Updated: Nov 12, 2020
Philip Colbert has created a global following for his cartoon lobster persona and his hyper pop history paintings. "I became an artist when I became a Lobster" says Colbert. That's how Colbert's work has received international acclaim in museums and galleries worldwide for his energetic new approach to painting and pop theory.
Under lockdown, Colbert's shrunken horizons and own social media echo chamber prompted him to conceptualise Lobsteropolis as his response to the pandemic. He believes that seeing art in situ is an important part of society and a culture in which people are free to do things for themselves.
We had the pleasure of talking to Philip a few days before lockdown and here's what he told us.
The concept of Lobsteropolis is unique, what is connection for you?
Lobsteropolis for a new world for my Lobster Persona. The use of telepresence robots allows the artistic dimension of this world to exist in a unique space. During lockdown when art was moving more online and digital, I was drawn to the idea of doing something bold in the physical world that would be viewed by robots to create a unique artistic experience. I wanted Lobsteroplois to be a bold new world for my lobster persona and his continuing dialogue with art history and his own creative possibilities. I liked the idea that the experience would be a bit like sending cameras into a shipwreck, I felt this lockdown period created the opportunity to explore a sci-fi future that had become much more real.
Lockdown was a moment of struggle for a lot of people, you decided to turn this into an experience for yourself and your viewers, how did you come up with the idea?
Yes, it was a difficult time, I felt lucky that I was able to still work on my art from home, many shows were cancelled or rescheduled but on the bright side I was able to take time to work on new ideas. At first I created an Art against the virus campaign. To raise money for charities helping with Covid-19 aid. I had been talking with Saatchi about doing a show, and despite the difficulty of planning a show I felt there was an opportunity to do something bold and positive.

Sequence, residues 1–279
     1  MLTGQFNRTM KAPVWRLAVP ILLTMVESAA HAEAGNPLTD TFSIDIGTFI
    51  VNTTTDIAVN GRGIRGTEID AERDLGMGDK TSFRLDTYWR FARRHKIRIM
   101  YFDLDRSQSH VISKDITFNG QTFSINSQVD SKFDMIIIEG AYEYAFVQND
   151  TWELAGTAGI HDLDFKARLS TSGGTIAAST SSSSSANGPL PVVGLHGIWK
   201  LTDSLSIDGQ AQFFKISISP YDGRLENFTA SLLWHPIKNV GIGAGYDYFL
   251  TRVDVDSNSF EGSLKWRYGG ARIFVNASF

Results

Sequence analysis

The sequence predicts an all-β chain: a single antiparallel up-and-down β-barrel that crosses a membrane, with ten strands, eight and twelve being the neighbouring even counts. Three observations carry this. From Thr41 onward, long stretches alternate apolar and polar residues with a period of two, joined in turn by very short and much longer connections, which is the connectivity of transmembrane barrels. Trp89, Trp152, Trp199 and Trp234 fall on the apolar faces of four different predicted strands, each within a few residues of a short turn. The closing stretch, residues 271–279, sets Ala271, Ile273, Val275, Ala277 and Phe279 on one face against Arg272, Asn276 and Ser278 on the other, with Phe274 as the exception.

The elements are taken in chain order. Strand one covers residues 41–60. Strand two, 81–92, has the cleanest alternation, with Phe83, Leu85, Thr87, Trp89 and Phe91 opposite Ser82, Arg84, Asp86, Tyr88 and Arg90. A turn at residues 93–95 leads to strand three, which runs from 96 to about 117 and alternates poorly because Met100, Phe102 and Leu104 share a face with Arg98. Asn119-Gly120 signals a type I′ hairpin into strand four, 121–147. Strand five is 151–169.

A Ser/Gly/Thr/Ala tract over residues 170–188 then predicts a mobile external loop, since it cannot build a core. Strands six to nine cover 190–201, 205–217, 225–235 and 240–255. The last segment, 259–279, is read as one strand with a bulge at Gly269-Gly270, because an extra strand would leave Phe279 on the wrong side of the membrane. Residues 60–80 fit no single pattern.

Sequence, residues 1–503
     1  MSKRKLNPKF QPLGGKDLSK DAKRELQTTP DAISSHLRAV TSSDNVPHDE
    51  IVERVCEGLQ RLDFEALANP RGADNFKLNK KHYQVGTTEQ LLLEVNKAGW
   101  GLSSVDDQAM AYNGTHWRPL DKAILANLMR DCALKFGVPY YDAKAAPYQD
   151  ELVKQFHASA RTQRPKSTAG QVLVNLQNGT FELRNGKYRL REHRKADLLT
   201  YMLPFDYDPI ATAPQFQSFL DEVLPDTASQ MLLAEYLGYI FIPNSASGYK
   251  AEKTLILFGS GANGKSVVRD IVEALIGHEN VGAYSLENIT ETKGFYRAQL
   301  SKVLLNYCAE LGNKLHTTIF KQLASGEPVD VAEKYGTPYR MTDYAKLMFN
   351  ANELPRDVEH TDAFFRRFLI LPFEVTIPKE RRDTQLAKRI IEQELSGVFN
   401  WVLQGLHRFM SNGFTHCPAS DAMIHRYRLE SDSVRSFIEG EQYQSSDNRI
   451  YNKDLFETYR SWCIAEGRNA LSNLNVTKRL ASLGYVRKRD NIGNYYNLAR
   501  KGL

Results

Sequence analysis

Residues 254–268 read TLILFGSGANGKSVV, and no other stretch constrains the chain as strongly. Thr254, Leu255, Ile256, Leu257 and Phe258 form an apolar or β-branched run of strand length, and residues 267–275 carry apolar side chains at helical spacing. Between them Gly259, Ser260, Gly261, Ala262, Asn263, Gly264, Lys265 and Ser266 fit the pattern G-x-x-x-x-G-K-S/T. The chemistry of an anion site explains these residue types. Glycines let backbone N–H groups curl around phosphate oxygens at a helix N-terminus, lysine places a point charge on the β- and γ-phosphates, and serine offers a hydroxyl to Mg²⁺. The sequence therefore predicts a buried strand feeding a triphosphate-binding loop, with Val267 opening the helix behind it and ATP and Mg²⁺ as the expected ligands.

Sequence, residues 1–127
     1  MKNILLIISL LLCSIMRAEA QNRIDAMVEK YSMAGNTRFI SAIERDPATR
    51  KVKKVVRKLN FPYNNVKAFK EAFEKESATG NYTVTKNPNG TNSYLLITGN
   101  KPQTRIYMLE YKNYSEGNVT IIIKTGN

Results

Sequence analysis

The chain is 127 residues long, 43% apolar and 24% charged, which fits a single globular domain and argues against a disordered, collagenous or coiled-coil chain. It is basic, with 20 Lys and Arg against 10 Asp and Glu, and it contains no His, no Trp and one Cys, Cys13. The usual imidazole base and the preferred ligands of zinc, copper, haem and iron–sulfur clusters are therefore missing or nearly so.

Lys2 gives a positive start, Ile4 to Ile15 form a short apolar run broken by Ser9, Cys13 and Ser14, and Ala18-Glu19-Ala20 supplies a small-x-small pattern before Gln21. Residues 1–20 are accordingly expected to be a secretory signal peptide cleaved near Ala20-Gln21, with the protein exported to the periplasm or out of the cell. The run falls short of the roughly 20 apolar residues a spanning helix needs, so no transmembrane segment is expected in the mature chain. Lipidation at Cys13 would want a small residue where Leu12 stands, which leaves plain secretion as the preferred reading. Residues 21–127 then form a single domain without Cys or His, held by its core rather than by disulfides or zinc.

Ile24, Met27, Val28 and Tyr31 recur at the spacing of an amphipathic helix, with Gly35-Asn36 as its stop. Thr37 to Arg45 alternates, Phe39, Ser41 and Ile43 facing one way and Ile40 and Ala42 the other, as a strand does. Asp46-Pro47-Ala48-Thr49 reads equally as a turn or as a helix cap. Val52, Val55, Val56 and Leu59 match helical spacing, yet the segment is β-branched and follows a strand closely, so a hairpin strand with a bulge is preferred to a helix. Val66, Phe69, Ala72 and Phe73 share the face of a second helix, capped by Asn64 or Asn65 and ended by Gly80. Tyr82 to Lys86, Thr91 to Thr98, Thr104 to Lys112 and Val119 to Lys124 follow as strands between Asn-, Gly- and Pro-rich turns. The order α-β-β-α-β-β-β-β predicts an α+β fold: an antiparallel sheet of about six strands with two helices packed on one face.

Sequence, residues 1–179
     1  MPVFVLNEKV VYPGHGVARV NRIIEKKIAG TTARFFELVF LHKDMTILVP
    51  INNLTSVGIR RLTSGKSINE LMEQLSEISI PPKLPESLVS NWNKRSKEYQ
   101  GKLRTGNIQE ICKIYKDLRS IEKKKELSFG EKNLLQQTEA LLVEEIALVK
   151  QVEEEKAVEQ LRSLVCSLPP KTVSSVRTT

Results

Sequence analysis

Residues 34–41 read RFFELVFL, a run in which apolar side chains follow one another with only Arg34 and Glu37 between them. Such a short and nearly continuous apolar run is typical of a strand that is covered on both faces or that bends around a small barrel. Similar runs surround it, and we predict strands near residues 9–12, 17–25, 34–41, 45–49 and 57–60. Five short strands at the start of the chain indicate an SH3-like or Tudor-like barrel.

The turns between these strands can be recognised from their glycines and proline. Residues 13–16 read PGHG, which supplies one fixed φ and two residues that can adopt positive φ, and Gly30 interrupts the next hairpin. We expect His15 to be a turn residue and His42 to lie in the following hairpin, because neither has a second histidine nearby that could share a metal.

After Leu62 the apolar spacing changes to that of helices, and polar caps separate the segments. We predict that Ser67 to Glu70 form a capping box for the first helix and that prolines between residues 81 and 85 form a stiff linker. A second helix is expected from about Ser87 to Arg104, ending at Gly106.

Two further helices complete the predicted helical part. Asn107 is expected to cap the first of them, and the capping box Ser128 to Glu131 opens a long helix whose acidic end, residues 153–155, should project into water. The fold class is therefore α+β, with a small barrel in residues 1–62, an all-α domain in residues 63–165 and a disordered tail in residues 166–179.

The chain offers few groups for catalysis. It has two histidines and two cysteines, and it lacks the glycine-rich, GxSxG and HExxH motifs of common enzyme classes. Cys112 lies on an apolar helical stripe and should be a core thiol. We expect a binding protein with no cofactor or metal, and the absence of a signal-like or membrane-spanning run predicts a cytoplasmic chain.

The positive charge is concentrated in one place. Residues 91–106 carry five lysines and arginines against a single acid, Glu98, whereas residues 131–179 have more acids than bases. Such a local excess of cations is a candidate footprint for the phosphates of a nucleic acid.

Why a lobster and not something else?
I was always drawn to the lobster as a character or surrealism. I started wearing suits that I made with my lobster drawings on them, and people started calling me the Lobster man. And it evolved from there
You showcase the power of social media, how much are they essential to you personally as an artist?
I think it provides artists with a direct platform to communicate with an audience. This is super helpful for young artists to build an audience and following for their work.
Lobsteropolis might look funny to the viewer but it's strong and meaningful, what is your main message when we walk into the gallery?
I hope the show empower's people with positive creative energy, I very much believe in the power of everyday language and creating new possibilities for art, I believe the idea that everyone is an artist and in my work there is a sort of riot of bright primary colours and accessible language that seeks a profound and thoughtful message for the viewers, there is an irreverent mix of high and low ideas of art theory and visual analysis of hyper visual consumption and our time, and hopefully empowers the spirt of individualism and spirit against the system .
You've collaborated with Tate Modern and Frieze London. What's next for you?
I just opened a show at the Modern Art Museum in Shanghai, I wasn't able to travel there sadly due to the pandemic but hopefully can visit it next year. Otherwise am working now from home in Lockdown on new works for next year.
In a 2021 without pandemic, what is next for Philip Colbert?
Next year hopefully the virus will be behind us, I am planned to launch a collaboration with Adidas worldwide in May, I have a show in Tokyo in Feb, and have a Museum show in Seoul in March.
Follow Philip Colbert's journey HERE.